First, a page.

In Honor of Saint Valentine’s Day, Eight Thousand Bottles of Champagne
A review of Richard Juhlin’s rather large book, A Scent of Champagne Richard Juhlin’s Scent of Champagne immediately evokes a sense of luxury befitting his subject. Broad and heavy in format, printed on fine paper with high detailed photos, Juhlin’s tome is the sort of thing one might conspicuously display on broad coffee tables populated by any of the latest fashionable art monographs. The opening sentence of Juhlin’s prologue sums it up nicely: “How beautiful.” Beautiful this book surely is, very much capturing the fantasy that Champagne marketers wish to project upon the world.
Beyond the fantasy, however, one might ask what is the practical use of such a book to someone in the wine world? There is a certain irony to this question. Those in the world of wine, whether its producers, its marketers, its salespeople and servers, its commentators and critics, and most importantly, the informed, interested consumers, normally desire something useful from their wine books: technical, sociological, historical, sometimes even gastronomic. Aesthetics, though appreciated, are something entirely different. The irony, of course, is that there is little particularly useful about fine wine itself. Sure, it’s a social lubricant. In days that safe water was lacking, wine offered sanitary refreshment. There are certain health benefits (anti-oxidants, etc.). And, many of us have convinced ourselves there is a natural liaison between certain wines and certain foods. (“Natural” in this case is at least partially a social construct. Palates trained according to western European paradigms respond to certain wines differently than those acculturated otherwise: the sensations of what it is to be sweet or sour, dry or bitter, differ. And plenty of non-imbibers relish their dishes just as heartily as those who also take the grape.) But, for bare utilitarian purposes, fine wine is superfluous.
Still, few of us live in an austere world of utility (and certainly not those who bother reading this commentary). We need our art, our beauty, our pleasures, Champagne, among them. Juhlin’s ardor for Champagne is evident from the start. More than a book about Champagne, Juhlin’s Scent of Champagne is about his love for Champagne, and his love for his love for Champagne. And, his love for himself for loving Champagne so much. Turning Scent’s colorful pages, it is as easy to be swept along by the author’s passion for the stars that Dom Perignon was said to have tasted as it is to be annoyed by his self-adulation. (One should thank him, however, for not repeating the myth that Dom Perignon created Champagne).
Juhlin celebrates himself as being the world’s greatest Champagne taster. Certainly, he has tasted a lot of bubbles in his life. (The book on review has scores for 8000 wines). More than quantity, however, Juhlin’s book seeks to confirm his credentials as a master taster, able to discern, blind, both vintages and producers for wines dating back to the 1920s as related from Beijing by Edouard Cointreau in the book’s forward, and later, by his friend and colleague Karsten Thurfjell, a Swedish writer. (That praise for an author comes in the forward is no surprise. That it has to be affirmed again in 1400 words at the end of chapter one speaks to something else). But, Juhlin’s olfactory superpowers, both in immediate experience as well as in memory, seem to have downsides, too. For, the man who can sniff out the nuances that separate two unmarked wines as coming from the 1934 and 1945 vintages, and then identifying the houses that produced them, Bollinger and Piper-Hiedsieck, respectively, must also deal with a world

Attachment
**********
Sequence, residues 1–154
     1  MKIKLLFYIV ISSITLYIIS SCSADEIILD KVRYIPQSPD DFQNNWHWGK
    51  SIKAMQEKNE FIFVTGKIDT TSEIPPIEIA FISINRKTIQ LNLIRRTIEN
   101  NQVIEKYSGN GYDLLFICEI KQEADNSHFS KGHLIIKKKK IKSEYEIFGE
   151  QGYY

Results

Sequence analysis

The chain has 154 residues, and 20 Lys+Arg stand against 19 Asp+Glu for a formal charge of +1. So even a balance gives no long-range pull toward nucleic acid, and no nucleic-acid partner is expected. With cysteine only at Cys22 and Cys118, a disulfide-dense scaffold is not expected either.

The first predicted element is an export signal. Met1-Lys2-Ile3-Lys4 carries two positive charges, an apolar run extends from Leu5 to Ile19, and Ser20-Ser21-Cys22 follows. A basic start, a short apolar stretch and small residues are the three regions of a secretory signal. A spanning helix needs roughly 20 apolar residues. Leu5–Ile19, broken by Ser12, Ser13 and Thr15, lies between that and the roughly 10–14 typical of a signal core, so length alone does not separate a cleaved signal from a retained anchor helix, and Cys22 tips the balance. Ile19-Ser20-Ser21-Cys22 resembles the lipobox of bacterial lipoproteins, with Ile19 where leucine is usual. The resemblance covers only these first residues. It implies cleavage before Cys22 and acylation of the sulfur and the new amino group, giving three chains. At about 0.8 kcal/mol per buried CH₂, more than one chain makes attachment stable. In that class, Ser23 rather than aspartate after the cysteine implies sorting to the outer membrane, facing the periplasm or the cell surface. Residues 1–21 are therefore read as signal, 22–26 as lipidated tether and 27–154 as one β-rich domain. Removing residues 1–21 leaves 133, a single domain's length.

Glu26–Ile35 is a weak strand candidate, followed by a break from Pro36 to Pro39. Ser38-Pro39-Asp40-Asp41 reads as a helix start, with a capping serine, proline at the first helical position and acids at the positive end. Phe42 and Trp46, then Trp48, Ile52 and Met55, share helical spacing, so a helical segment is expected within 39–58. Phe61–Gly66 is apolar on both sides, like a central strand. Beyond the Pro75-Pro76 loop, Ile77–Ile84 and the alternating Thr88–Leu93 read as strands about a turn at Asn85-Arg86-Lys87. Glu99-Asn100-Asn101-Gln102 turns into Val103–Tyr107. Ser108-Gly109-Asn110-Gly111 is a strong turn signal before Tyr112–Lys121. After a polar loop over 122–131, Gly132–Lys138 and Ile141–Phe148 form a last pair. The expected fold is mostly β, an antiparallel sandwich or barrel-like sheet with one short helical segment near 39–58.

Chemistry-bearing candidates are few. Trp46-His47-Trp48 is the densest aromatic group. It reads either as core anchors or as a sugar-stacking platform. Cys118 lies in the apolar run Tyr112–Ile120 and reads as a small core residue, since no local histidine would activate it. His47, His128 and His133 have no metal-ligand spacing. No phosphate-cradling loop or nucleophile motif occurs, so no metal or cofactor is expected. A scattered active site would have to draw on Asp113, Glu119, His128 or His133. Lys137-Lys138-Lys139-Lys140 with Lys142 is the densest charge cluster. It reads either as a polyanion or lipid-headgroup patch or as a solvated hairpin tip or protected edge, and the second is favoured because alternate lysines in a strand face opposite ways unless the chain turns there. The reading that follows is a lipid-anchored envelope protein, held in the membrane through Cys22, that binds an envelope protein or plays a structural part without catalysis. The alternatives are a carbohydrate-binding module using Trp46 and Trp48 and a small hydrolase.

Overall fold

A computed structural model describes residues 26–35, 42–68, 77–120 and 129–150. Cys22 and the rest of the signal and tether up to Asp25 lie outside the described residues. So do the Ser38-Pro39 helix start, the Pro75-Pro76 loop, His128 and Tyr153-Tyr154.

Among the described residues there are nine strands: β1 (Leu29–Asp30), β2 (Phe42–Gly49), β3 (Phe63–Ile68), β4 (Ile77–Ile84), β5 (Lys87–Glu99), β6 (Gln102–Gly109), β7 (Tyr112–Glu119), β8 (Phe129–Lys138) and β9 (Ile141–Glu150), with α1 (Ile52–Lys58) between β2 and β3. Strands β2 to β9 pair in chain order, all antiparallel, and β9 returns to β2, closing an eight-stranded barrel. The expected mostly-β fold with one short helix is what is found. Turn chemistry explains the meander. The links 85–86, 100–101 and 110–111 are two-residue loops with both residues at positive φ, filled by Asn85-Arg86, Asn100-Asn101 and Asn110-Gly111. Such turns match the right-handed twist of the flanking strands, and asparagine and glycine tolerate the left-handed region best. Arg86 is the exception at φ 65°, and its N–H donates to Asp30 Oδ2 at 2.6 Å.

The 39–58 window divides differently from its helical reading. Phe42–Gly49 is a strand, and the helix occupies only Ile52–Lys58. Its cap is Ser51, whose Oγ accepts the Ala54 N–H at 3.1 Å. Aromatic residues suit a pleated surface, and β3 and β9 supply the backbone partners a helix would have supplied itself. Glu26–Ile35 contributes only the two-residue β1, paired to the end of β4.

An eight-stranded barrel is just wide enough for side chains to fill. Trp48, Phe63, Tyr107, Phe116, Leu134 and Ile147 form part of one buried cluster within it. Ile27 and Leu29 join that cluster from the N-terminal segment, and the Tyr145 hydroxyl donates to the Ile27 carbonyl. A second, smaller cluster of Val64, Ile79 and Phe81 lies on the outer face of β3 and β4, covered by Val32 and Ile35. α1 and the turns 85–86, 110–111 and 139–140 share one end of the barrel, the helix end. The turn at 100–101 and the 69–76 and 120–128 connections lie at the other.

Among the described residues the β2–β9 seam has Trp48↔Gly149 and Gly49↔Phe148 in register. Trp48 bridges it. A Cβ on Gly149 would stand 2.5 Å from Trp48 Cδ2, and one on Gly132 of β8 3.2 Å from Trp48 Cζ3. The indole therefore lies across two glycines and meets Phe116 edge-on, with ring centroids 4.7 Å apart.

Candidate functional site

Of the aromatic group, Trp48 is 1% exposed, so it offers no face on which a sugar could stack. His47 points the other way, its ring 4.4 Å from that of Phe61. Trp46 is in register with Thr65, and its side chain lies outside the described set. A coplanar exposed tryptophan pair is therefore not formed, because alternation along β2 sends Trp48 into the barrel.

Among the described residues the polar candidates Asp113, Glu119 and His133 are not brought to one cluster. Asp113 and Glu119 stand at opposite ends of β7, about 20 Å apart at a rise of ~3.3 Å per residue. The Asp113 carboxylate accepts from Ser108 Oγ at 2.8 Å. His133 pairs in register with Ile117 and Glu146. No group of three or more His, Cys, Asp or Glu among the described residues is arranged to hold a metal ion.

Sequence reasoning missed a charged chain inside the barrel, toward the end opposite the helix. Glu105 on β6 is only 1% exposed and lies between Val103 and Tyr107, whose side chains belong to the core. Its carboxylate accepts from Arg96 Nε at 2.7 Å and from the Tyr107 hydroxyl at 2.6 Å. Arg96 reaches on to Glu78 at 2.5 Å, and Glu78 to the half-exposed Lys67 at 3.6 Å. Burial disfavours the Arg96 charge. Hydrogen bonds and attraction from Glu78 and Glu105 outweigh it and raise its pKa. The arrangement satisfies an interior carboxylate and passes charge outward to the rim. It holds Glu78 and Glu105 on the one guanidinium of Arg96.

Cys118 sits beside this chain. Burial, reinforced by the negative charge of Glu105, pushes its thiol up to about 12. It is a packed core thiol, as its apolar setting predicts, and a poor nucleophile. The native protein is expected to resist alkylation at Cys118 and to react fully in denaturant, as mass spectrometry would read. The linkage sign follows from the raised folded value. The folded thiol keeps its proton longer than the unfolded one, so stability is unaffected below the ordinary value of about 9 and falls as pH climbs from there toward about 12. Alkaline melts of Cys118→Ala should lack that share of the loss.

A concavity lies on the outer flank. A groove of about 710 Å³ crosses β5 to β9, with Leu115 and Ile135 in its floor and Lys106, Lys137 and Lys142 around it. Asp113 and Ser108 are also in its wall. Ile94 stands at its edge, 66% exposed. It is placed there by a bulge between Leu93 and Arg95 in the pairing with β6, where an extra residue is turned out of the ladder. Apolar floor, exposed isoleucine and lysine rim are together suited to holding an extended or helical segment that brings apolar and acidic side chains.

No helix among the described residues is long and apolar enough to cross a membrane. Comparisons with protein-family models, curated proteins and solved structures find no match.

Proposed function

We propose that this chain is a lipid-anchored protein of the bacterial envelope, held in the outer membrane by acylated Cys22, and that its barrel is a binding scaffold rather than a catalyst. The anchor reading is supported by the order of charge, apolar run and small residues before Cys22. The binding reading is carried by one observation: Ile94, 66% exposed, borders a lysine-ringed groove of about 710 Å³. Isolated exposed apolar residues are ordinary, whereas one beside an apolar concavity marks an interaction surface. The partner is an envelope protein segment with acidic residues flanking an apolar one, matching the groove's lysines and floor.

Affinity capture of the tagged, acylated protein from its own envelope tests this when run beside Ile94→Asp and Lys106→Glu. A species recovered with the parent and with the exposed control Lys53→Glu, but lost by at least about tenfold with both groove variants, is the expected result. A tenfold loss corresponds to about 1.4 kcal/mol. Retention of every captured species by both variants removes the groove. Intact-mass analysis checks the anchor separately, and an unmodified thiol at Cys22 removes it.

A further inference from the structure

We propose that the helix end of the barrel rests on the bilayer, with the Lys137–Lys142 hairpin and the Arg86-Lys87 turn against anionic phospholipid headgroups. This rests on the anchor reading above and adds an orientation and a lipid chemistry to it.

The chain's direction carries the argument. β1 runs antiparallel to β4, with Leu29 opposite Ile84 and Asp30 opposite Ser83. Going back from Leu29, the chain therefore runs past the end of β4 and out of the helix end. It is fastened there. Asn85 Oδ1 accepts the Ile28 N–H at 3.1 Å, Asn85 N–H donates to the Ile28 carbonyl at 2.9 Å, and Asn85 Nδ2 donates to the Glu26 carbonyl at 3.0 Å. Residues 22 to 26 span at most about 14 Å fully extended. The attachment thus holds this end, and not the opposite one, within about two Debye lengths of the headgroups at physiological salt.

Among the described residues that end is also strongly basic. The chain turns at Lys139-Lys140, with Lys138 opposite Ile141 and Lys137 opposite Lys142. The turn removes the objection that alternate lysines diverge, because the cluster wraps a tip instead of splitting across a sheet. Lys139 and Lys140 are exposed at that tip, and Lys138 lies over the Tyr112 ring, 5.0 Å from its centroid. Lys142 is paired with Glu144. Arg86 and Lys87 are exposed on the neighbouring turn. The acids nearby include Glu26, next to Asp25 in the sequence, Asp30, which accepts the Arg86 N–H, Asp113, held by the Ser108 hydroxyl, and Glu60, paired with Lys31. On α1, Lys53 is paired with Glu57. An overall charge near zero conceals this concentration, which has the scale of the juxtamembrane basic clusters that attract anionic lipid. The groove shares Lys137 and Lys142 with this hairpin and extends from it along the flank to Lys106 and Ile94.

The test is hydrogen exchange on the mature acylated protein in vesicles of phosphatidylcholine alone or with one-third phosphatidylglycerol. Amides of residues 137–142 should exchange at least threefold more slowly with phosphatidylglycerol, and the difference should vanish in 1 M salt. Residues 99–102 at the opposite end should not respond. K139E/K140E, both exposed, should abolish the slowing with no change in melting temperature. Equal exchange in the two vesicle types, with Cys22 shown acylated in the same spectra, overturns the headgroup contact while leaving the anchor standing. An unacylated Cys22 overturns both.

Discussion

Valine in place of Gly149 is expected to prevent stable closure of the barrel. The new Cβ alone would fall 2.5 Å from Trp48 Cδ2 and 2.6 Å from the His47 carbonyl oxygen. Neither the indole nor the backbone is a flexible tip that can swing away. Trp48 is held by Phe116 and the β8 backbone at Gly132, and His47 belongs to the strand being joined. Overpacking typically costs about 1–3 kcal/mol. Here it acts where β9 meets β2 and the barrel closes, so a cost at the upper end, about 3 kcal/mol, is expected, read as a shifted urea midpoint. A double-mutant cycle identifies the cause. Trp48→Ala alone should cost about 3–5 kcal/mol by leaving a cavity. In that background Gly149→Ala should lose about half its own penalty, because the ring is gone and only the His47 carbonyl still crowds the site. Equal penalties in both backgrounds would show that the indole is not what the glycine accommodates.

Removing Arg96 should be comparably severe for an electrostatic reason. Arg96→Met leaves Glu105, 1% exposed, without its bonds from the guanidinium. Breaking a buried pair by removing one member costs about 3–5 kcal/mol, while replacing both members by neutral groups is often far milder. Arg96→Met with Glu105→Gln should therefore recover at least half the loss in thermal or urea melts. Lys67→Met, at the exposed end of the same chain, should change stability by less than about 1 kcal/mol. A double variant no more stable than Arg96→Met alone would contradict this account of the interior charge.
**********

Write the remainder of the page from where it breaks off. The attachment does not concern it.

of stale cigarette butts, showers of cheap perfume, and his apparent bête noir, the scent trail of [soiled] dishcloths. (One cannot help thinking of Patrick Suskind’s anti-hero Jean-Baptiste Grenouille, though Juhlin’s assures us that he can stink like the best of us. His stink just doesn’t bother him, unlike Grenouille, who was bothered precisely by the fact that he didn’t smell – that is, stink, at all). No doubt, each of us is challenged by life in his own way.
One wonders if all those scents affected Juhlin’s ability to say much of substance.
Chapter one articulates Juhlin’s journey into the world of the magical beverage he loves so much. In the second chapter, Juhlin attempts some explanation of the Champagne region and the wine in general. He does a spotty job of it. Juhlin talks chalk and has some striking photos of the white stuff. He says the quality and quantity of chalk in the Champagne region’s soil determines wine quality, but other than saying that vineyards in the chalk-deficient department of Aube aren’t as fine those in departments to the north, he doesn’t offer more detail. Maddeningly, there is no explanation of what is meant by grand cru versus premier cru. Do the terms refer to vineyards or to villages or to estates à la bordelaise? A map that seems recycled from an old edition of Robinson/Johnson’s Wine Atlas does list the names of Champagne village classifications, separating them between Grand Cru and Premier Cru, but in the Premier Cru list, villages are separated by percentages that are unexplained. One might infer that 99% Mareuil-sur-Aÿ means that 99% of the village’s vineyards are classified Premier Cru, but what about the figures 95% and 90% for Bergères-lès-Vertus, (white grapes and black grapes, respectively)? Again, one can guess (or know from one’s one study), but why wouldn’t Juhlin explain? Are there differences other than chalk content soil that differentiate one classified village/vineyard from another? Slope, exposition, drainage, for instance? And, does Juhlin even have an opinion on whether this classification system is adequate, let alone fair? Juhlin doesn’t say, and one suspects that he doesn’t really concern himself with such matters. Other than noting that Pinot Meunier is frost hardy and therefore widely planted in the cooler portions of the Marne Valley, Juhlin also doesn’t discuss other reasons region’s main grape varieties (Chardonnay, Pinot Noir, and Pinot Meunier) are planted where they are. And, what about the differences between designated growing regions such as Montagne de Reims, Côte de Blanc, Côte de Sezanne, etc. Are they meaningful? Even casual Champagne lovers might want to know.